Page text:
Dow recently announced that it has reached a milestone, achieving $500 million of savings from its Valuing Nature goal. This is halfway to the company’s 2025 Sustainability Goal to deliver $1 billion in business value from projects that enhance nature. One of seven 2025 Sustainability Goals Dow launched in 2015, which align to the United Nations Sustainable Development Goals, Dow’s Valuing Nature goal is a commitment to systematically consider nature in its business decisions.

Through this goal, Dow has committed to deliver $1 billion in value, primarily through avoided costs, from projects that are both good for business and for ecosystems. By considering operational interfaces with nature, capital costs and long-term operational and maintenance costs can be lowered. The company also committed to screen all capital and real estate projects, business development projects, and new product innovations for potential sustainability benefits and impact.

“At Dow, we believe business should be a catalyst for positive change through innovation and leadership in environmental sustainability,” said Jim Fitterling, chairman and CEO. “That’s why we are leading the way in ensuring the value of nature is considered in our business decisions. Dow’s Valuing Nature Goal is a critical piece of our ambition to become the most sustainable materials science company in the world.”

Examples of implemented nature projects reportedly include:

  • Terneuzen, The Netherlands—Dow collaborated with Evides, a water treatment company and local water supplier, and the District Water Board to use local wastewater for industrial purposes. The collaboration has resulted in 300 m3/h net (or 2.5 million m3/year) water reuse, a 96.5% reduction in energy consumption, and lower maintenance costs. By 2025, Dow is working to replace the freshwater from the Biesbosch region completely with sustainably sourced water. Dow is also testing a constructed wetland to enable more efficient downstream water treatment, requiring less chemicals and energy.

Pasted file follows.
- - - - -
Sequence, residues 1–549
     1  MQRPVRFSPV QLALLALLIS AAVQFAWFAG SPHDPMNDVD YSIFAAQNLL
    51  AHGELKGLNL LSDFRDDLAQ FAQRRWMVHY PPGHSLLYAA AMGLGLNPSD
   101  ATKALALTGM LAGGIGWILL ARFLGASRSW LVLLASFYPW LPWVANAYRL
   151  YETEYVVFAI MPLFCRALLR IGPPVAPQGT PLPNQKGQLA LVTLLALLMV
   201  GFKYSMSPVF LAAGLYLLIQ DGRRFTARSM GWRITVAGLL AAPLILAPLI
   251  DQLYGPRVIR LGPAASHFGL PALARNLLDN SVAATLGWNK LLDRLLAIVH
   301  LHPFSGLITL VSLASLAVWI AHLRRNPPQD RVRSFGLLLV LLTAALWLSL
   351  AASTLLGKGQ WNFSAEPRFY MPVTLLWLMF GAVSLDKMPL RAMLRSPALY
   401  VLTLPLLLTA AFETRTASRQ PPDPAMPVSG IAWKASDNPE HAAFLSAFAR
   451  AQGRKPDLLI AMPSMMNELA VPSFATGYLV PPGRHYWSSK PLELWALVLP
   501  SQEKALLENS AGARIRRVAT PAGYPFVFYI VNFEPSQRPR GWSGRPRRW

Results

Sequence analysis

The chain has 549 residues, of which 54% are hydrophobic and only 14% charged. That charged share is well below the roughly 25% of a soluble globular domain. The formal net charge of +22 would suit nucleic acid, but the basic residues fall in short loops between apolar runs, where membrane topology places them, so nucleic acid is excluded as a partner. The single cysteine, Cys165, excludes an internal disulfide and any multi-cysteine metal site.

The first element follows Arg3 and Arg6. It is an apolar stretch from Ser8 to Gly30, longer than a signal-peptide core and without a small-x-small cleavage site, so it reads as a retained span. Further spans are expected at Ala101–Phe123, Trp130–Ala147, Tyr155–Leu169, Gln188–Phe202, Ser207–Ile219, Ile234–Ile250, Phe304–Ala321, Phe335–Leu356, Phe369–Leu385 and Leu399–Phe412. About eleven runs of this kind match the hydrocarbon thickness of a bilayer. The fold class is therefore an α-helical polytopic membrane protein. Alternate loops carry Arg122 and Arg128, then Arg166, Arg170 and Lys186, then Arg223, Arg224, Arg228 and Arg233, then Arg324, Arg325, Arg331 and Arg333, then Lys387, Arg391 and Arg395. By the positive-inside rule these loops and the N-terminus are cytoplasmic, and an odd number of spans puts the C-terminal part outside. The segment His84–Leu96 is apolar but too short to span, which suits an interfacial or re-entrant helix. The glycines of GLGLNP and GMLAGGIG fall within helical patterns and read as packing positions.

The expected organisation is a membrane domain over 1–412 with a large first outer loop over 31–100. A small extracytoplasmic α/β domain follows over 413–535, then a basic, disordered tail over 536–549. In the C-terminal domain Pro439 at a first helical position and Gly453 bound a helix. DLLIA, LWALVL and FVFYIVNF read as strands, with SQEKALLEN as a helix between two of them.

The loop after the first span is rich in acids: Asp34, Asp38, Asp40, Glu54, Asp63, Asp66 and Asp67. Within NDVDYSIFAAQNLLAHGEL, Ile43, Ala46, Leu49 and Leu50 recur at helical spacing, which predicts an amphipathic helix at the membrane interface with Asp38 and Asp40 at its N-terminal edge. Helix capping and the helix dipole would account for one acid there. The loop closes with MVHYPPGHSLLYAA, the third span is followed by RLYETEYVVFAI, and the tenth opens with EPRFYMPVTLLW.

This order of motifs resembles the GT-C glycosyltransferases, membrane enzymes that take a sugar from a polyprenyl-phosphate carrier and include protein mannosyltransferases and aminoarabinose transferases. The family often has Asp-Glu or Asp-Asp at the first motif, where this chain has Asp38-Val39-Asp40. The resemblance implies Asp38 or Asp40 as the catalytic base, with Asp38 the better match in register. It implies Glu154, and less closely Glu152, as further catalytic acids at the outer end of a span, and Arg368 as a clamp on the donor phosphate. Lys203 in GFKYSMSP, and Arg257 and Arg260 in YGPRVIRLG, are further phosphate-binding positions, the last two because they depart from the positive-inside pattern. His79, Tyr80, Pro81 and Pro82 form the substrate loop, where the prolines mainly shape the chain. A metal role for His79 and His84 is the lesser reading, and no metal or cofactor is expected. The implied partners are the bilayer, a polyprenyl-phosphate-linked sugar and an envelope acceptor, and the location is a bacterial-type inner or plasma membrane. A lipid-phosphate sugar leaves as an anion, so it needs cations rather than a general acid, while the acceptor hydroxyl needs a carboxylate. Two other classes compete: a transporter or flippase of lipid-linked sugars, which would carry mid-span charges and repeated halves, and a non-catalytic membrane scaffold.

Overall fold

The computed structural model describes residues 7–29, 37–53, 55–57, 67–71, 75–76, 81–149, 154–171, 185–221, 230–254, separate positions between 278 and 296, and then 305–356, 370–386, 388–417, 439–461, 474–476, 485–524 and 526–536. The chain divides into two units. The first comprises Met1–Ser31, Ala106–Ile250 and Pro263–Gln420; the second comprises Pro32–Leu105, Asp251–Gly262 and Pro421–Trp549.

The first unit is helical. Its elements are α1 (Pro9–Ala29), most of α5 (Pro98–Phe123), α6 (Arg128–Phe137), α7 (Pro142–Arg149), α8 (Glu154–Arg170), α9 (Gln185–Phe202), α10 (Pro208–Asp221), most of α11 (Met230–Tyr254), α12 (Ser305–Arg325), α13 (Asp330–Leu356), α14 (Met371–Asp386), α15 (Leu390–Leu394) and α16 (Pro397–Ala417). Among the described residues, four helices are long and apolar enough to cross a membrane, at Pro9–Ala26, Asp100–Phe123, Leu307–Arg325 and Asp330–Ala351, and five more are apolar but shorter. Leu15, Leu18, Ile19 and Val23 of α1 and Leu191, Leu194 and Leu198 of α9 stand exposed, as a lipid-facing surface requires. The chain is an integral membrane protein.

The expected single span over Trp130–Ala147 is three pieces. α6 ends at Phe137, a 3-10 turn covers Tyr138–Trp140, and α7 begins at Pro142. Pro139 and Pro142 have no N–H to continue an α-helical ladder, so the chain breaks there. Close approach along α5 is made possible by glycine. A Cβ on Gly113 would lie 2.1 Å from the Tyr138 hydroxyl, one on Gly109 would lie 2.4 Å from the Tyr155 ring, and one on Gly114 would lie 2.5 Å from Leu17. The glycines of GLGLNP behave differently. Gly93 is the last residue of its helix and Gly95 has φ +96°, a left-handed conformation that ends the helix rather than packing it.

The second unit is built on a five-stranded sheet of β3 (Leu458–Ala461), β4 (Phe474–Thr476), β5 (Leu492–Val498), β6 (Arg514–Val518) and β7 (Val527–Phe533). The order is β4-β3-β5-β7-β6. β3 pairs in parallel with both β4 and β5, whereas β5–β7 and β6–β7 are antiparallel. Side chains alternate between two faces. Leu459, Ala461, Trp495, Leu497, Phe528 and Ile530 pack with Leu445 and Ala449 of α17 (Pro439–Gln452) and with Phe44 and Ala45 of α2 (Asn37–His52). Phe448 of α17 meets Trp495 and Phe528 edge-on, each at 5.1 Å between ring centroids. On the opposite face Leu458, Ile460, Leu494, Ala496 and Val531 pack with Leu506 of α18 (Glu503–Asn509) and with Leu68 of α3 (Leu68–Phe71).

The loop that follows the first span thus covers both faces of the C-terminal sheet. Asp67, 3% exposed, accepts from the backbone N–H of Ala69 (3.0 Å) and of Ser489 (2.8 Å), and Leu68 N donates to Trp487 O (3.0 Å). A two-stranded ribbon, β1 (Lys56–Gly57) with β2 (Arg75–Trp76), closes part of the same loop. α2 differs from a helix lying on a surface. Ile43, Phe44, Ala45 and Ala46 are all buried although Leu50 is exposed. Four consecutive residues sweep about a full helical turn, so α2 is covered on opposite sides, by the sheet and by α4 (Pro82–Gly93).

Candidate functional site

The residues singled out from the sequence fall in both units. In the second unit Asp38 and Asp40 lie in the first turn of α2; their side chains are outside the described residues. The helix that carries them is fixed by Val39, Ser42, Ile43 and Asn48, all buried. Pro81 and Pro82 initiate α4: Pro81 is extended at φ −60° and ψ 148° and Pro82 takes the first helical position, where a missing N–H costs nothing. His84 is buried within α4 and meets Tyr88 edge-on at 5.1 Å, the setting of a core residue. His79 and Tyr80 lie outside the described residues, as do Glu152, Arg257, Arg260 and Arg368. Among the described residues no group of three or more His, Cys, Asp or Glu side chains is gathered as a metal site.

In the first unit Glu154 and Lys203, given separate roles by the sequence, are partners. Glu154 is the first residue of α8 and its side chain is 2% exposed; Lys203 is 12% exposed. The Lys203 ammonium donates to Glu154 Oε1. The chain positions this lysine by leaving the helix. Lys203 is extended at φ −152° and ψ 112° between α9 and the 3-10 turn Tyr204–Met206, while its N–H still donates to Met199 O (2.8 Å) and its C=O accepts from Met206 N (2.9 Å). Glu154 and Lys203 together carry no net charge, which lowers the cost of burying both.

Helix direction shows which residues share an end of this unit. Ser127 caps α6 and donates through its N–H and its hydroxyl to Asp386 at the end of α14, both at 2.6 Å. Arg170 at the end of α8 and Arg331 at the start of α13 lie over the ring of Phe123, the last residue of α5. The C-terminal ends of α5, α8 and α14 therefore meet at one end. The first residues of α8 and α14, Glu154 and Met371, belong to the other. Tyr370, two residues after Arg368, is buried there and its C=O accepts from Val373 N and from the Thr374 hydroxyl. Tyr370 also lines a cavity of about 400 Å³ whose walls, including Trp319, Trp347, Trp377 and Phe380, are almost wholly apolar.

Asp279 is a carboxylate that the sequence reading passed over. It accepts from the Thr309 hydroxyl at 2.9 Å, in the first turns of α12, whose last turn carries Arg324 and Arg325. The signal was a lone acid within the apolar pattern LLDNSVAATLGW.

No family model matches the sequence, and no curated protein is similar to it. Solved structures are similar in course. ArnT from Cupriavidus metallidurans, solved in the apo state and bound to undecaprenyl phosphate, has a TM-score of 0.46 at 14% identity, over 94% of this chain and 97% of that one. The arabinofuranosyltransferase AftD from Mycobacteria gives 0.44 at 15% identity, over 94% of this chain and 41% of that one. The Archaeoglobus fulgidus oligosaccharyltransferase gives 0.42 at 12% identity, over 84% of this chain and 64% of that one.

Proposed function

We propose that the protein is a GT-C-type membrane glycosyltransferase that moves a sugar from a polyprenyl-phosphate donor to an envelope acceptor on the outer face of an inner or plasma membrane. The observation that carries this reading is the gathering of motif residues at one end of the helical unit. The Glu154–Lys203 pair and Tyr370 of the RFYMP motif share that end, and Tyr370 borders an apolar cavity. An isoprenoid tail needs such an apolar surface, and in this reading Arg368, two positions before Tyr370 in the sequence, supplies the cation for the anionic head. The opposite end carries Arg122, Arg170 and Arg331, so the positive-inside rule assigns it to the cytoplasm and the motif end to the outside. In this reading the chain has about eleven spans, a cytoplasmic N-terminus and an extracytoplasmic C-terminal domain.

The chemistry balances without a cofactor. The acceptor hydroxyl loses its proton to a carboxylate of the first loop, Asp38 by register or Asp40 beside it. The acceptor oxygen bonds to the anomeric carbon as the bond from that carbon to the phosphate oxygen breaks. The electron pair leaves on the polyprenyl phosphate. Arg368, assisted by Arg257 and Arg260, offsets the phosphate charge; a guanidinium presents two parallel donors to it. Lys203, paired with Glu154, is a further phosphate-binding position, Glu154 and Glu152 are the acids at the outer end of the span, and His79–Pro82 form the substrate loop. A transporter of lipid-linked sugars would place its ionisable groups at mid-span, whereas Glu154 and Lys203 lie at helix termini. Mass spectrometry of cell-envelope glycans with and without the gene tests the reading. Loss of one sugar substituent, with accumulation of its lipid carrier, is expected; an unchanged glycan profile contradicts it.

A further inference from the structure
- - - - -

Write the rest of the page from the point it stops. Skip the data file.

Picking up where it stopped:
• Aratu, Brazil—Excavation to install new brine wells at Matarandiba Island resulted in unstable and unsafe embankments. Instead of complete excavation or the traditional hard armor approach with steel and concrete, Dow stabilized embankments with gabions of local, readily available stone and reinforced vegetation. By creating this “living wall,” Dow saved money compared to alternatives while reducing carbon emissions by 90% and reducing impact to the local forest.
  • Hot Springs, Ark.—Acidic water with high levels of zinc was seeping from an abandoned mining site in Arkansas. Rather than installing a traditional collection and lime neutralization system to treat the water, the project team diverted runoff and seepwater into a sinuous limestone channel that used nature’s biochemical processes to treat the water. The result is a natural streambed with minimal maintenance costs, and the mine seep water is treated before it enters the downstream creek.

Through its long-running collaboration with The Nature Conservancy, Dow has also developed tools to help evaluate and measure the value of nature-based projects. One tool, the Ecosystem Services Identification & Inventory Tool (ESII Tool) is available for download and reportedly allows users to quickly and effectively generate information on the ecosystem service performance of a specified landscape.

“By systematically providing the tools, structure and business environment, we are demonstrating how investing in nature can help businesses and other organizations save money, reduce risks and build value for all stakeholders,” said Mary Draves, chief sustainability officer and vice president of Environment, Health & Safety.

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